war. The predictions by US officials, doctors in Phnom Penh, and others were
that there would be a huge toll in the coming years; people were dying in
Phnom Penh alone at 100,000 a year when the KR took over (no one has a clue
as to what was happening in the heavily bombed countryside). The figure of
1 million potential deaths was reported by the highly respected correspondent
of the FEER, Nayan Chanda, attributed to a high US official.
But these are ideological footballs. Only a few of those
who write about the topic are interested in such boring things as truth --
as the original 2 million figure indicates.Incidentally, these numbers are
from memory. I've quoted them exactly in print, and could check if you like
-- or you could check originals. I think they are accurate, or close to.
Chomsky: more on
Atrocities in Cambodia
I didn't quite understand the first comment,
which reads: "Quick response: Kiernan cites a figure of 1.5 million. He criticizes
Vickery's population figures as too low by about 700,000--which explains the difference
between the two estimates."
Remember that the relation is reciprocal. Vickery criticizes
Kiernan's figures as too high. And there are various other differences in (highly
uncertain) estimates. As I think I may have mentioned, leading specialists go both ways:
thus Robert Cribb, in the standard scholarly study of Indonesian and comparative genocide,
takes Vickery's figures.
It's true that the KR (not just Pol Pot, I believe) were rabidly
racist, and had support for that. There was an element of what Vickery calls "poor
peasant chauvinism." How large an element it was is another point of dispute. Vickery
thinks a lot; Kiernan thinks less. Not easy to determine. We can't answer questions like
that easily even for far more familiar and intensively studied societies: our own, for
On "casualities resulting directly and indirectly from the
bombing of Cambodia," estimates are even more uncertain than for the Pol Pot period.
The topic isn't studied, for the obvious reason (just ask who will be blamed). The Finnish
government study "Decade of Genocide: 1969-1979," the only independent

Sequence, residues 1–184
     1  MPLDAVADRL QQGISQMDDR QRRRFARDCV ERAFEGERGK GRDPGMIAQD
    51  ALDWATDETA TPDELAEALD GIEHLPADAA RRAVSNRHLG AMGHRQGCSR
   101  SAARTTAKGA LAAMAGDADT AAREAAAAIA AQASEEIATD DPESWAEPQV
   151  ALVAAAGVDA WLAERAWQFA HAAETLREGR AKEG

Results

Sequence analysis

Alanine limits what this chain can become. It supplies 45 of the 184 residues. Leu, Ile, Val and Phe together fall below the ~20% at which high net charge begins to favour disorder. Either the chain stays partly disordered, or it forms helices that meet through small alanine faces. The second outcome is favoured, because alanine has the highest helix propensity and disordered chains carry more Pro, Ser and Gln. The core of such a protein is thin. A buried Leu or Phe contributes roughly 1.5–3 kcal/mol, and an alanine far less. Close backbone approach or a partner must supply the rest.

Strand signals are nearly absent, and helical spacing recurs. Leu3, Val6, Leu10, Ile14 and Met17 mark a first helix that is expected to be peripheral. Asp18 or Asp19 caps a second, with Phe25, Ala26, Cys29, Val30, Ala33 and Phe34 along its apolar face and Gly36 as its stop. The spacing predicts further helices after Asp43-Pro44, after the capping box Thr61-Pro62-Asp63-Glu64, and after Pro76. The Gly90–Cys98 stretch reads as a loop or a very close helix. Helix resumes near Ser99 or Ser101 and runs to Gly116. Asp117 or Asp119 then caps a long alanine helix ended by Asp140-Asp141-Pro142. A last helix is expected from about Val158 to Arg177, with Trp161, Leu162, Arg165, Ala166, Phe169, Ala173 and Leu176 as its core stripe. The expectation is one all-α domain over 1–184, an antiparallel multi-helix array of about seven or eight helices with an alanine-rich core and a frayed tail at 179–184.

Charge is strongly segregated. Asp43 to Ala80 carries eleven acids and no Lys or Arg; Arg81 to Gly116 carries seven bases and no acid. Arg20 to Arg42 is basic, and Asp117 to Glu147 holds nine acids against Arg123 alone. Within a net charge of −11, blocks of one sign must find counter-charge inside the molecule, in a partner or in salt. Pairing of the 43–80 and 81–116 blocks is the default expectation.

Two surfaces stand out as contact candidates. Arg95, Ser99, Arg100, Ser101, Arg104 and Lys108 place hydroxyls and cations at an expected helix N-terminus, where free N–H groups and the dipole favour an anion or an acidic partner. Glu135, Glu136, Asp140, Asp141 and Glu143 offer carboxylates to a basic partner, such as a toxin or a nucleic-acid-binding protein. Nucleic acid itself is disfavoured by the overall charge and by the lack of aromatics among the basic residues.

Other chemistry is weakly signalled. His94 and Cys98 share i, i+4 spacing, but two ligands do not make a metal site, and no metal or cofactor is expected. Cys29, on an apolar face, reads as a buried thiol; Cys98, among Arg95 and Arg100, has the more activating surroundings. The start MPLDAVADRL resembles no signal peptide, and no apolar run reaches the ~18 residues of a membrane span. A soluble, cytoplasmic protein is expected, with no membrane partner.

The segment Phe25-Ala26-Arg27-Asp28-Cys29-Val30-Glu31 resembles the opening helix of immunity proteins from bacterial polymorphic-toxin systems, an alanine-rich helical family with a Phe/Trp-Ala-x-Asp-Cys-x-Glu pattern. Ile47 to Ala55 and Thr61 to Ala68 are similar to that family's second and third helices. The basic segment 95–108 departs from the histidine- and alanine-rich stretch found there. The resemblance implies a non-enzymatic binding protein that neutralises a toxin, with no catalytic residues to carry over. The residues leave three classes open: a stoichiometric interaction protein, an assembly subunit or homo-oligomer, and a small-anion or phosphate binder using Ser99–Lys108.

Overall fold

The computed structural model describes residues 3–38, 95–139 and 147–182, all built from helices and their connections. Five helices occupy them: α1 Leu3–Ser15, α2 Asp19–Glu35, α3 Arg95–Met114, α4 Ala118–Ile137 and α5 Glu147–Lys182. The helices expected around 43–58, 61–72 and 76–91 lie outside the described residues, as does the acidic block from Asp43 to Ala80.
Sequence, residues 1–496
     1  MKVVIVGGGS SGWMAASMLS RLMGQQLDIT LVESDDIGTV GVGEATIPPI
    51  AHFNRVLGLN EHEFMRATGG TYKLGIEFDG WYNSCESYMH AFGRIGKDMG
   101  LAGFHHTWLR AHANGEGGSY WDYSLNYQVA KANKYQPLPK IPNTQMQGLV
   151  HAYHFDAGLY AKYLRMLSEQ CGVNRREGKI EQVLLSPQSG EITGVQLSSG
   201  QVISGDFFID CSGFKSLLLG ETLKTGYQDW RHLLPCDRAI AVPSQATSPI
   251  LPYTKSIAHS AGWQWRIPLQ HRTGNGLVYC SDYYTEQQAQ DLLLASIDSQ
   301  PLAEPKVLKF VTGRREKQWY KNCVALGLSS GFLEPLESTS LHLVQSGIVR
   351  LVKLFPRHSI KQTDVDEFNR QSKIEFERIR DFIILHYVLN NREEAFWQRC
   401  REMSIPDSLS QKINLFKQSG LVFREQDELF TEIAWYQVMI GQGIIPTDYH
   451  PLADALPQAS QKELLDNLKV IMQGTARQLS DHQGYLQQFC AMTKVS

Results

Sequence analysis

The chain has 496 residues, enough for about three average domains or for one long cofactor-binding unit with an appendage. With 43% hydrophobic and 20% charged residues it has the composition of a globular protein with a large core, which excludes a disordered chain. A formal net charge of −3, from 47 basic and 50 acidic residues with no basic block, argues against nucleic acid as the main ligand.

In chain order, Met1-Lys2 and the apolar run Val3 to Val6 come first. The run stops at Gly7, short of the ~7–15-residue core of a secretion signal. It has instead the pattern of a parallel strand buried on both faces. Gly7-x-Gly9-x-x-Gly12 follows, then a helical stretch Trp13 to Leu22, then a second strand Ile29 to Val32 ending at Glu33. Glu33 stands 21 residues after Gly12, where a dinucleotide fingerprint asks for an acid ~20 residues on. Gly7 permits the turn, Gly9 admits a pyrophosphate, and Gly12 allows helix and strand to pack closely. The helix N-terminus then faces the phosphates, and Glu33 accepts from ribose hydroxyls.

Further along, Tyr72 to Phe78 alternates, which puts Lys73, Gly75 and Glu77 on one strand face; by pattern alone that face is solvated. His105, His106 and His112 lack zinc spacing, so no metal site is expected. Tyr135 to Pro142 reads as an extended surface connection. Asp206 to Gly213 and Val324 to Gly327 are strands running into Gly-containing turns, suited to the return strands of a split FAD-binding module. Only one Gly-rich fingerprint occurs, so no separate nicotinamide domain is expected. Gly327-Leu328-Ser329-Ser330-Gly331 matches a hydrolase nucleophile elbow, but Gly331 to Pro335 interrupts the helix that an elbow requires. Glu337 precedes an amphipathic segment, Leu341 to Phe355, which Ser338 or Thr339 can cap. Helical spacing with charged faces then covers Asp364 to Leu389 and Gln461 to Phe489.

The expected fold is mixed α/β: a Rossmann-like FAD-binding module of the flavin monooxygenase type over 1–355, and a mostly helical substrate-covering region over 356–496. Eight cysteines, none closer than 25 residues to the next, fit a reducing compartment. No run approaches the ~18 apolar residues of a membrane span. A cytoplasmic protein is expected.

governmental study, recognizes that the "genocide" had two phases, but devotes
only a few pages to the first phase, because there is so little information. US reporters
on the scene (like Sydney Schanberg, called "the conscience of the press"
because of his dedication to exposing Pol Pot terror) literally refused to interview
refugees fleeing into Phnom Penh. That didn't require trekking into the jungle (which
reporters were happy to do to interview refugees who could expose Pol Pot terror): just
crossing the street from their hotel. Ed Herman and I documented this in detail in
"Manufacturing Consent." It's standard. I saw it myself, first-hand, in Laos in
1970. I happened to be there just when the CIA mercenary army had drive a flood of
refugees from the Plain of Jars to encampments about 20 miles out of the capital city,
which was then hosting leading journalists from all over the world, who flew in because of
fraudulent US claims of a North Vietnamese invasion (everyone knew it was a fraud, and
there was much ridicule in the hotel bar where the journalists hung out, but they reported
it soberly). The Plain of Jars had been subjected to the most intense bombing in history
(later exceeded by US bombing in Cambodia); in fact, thousands of people are still dying
every year from unexploded "bomblets," mostly children and farmers, while the US
refuses to do anything about it and it isn't reported here though it is known -- another
horror story. To get back to the point, I spent maybe 20 hours during the few days I was